Sri Lanka asks HRC for time, space, and opportunity to conclude domestic process

May 31, Geneva: Sri Lanka told the critiques of its domestic accountability process to desist from arriving at hasty conclusions and afford time, space and opportunity to complete its own process of reconciliation.

Addressing the 17th session of the United Nations Human Rights Council in Geneva on Monday, Plantation Minister and Special Human Rights Envoy Mahinda Samarasinghe said the process of reconciliation is a priority for the Sri Lankan government and need to be sustained and gradually built upon.

The Minister apprised the HRC of the measures taken by the Sri Lankan government to address the issues affecting the lives of the displaced during the war.

Out of the 290,000 displaced people at the end of the war two years ago, 95 percent have been resettled now and the remainder will be resettled once the demining process is completed. A large number of houses have been constructed and distributed to the resettled families, the Minister said.

Commenting on the ex-combatants, the Minister said out of the 11,644 ex-LTTE cadres surrendered or arrested at the end of the war, 6,500 had been rehabilitated and reintegrated in to the society.

“The Government is in the process of working towards the release of all remaining ex-combatants undergoing the rehabilitation on a staggered basis commensurate with their culpability with terrorist activities,” Minister Samarasinghe added.

The Government is implementing a comprehensive development program targeting Northern and Eastern Provinces enabling their rapid rehabilitation and reintegration to the national economy, he further informed.

Informing the Council that the government is engaged in discussions with the Tamil political parties to resolve the issues, the Minister said “healing the wounds of recent past is important to sustain the reconciliation.”

Reminding the Council that the home-grown domestic process of reconciliation, the Lesson Learnt and Reconciliation Commission (LLRC) commenced its work in August 2010 and yet to complete one year while similar processes elsewhere have taken longer, the Minister slated the critiques of the process.

“In this context, it is disheartening to note the haste with which some have sought to usurp the Sri Lankan government’s prerogative in deciding its domestic process,” the Minister criticized.

“We firmly believe that our home-grown process is capable of addressing the nuances of the unique situation,” the Minister said pointing out that there is no one international panacea that can be applied to the Sri Lanka’s complex situation.

Reminding the Council that Sri Lanka established the domestic process before the UN Secretary-General appointed his Panel of Experts to investigate Sri Lanka’s accountability during the later stage of the war, Minister Samarasinghe flayed the report as ‘manifestly flawed’.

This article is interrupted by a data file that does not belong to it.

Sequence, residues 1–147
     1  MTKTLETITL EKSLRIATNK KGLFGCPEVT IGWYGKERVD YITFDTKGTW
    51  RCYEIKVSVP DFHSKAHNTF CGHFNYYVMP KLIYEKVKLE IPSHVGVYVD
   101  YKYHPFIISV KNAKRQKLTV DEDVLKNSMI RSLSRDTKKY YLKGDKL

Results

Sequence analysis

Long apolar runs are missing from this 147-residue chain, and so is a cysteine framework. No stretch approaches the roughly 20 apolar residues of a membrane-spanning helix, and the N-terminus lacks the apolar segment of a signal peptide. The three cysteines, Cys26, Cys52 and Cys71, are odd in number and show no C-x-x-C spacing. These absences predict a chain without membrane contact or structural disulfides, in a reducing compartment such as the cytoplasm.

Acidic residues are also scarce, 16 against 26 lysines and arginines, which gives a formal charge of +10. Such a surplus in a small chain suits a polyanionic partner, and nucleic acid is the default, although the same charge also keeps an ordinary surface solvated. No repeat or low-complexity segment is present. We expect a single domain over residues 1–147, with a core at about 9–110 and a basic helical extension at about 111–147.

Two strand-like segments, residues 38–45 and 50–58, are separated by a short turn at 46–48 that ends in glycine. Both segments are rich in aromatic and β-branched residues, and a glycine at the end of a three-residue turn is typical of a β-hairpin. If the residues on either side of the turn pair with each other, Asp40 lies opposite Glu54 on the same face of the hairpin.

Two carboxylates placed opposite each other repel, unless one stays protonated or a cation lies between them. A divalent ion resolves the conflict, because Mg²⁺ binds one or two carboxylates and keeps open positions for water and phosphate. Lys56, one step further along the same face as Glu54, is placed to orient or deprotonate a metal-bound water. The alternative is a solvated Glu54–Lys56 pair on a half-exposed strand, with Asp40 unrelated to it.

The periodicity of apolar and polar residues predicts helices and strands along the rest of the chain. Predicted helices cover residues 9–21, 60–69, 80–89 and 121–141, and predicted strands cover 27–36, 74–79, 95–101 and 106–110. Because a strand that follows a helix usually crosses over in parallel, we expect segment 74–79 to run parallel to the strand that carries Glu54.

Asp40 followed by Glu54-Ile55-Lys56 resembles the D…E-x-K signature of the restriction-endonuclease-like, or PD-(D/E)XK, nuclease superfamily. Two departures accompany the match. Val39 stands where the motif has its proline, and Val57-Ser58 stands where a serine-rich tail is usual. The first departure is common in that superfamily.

He said “Sri Lanka regrets the procedural and substantive anomalies in the manifestly flawed report ostensibly compiled as an advisory document to the highest office in the UN, invoking a procedure outside the established intergovernmental process.”

The Minister further noted that in an unusual turn of events the report was made public simultaneously with a statement saying that the report was being carefully reviewed.

Recommending to the Council to discourage this kind of irregular practice as it might lead to circumvent established procedures, the Minister said the Panel has acted outside its jurisdiction in excess of its mandate.

He slammed the comments made by the office of the High Commissioner of Human Rights saying that the statements made by the Commissioner lacked objectivity and contained prejudgment of the domestic mechanism established by the Sri Lankan government even before it has commenced its work.

He recalled that in the aftermath of the 9/11 terrorist attack in the United States, the UN resolution 1368 and 1373 established the right for a sovereign and its people to defend against terrorists and said Sri Lanka conducted the humanitarian operation exercising that right.

He said the recent characterization of Sri Lanka’s humanitarian operation by the HR High Commissioner as one which was conducted “under the guise of fighting terrorism” is most unfortunate.

“Such a characterization is fully misplaced as the community of nations was well aware that Sri Lanka was combatting one of the most ruthless terrorist organizations in the world,” Minister Samarasinghe said.

Minister Samarasinghe, referring to the number of civilian casualties mentioned in the statements made by the UNHCR office said, use of unverified information in the statements is totally unwarranted and it gives rise to serious concerns as to whether the Sri Lankan situation is being considered in an objective manner.

“Having regard to the vicissitudes of manner in which Sri Lanka has been treated we seek the equal protection of the UN system,” the Minister concluded.

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